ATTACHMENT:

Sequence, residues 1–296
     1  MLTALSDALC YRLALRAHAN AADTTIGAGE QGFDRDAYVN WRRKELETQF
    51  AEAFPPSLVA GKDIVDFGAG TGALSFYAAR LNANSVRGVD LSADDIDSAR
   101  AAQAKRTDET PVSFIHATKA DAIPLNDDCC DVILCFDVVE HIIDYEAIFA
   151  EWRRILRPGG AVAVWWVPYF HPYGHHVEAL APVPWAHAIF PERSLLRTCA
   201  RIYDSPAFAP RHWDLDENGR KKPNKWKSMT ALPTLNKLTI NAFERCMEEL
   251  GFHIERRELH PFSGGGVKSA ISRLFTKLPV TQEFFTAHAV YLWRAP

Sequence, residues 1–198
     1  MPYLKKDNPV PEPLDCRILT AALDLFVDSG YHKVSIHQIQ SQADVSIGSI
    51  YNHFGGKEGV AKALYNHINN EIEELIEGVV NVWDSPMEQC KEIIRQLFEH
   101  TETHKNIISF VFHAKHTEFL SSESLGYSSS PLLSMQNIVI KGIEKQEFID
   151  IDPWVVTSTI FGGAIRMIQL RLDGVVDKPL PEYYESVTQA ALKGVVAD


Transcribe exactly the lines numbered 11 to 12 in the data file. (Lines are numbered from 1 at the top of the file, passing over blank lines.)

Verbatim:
   101  TETHKNIISF VFHAKHTEFL SSESLGYSSS PLLSMQNIVI KGIEKQEFID
   151  IDPWVVTSTI FGGAIRMIQL RLDGVVDKPL PEYYESVTQA ALKGVVAD